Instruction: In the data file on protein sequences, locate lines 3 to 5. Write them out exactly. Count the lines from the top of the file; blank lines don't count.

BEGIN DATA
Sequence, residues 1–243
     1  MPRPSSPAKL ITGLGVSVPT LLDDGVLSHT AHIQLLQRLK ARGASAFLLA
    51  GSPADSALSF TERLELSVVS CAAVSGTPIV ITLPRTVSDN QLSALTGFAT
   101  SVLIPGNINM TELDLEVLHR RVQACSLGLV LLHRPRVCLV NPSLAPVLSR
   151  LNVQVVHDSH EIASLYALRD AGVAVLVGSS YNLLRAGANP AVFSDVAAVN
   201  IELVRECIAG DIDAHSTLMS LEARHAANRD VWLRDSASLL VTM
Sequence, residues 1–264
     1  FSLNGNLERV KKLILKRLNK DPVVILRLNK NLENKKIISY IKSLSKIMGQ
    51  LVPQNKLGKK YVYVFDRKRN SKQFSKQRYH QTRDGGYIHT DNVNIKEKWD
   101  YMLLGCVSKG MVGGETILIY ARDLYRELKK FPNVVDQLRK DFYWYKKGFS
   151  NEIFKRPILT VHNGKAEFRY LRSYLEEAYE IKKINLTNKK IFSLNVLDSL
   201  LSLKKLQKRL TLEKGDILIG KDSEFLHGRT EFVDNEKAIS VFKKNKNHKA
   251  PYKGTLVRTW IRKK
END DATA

    51  GSPADSALSF TERLELSVVS CAAVSGTPIV ITLPRTVSDN QLSALTGFAT
   101  SVLIPGNINM TELDLEVLHR RVQACSLGLV LLHRPRVCLV NPSLAPVLSR
   151  LNVQVVHDSH EIASLYALRD AGVAVLVGSS YNLLRAGANP AVFSDVAAVN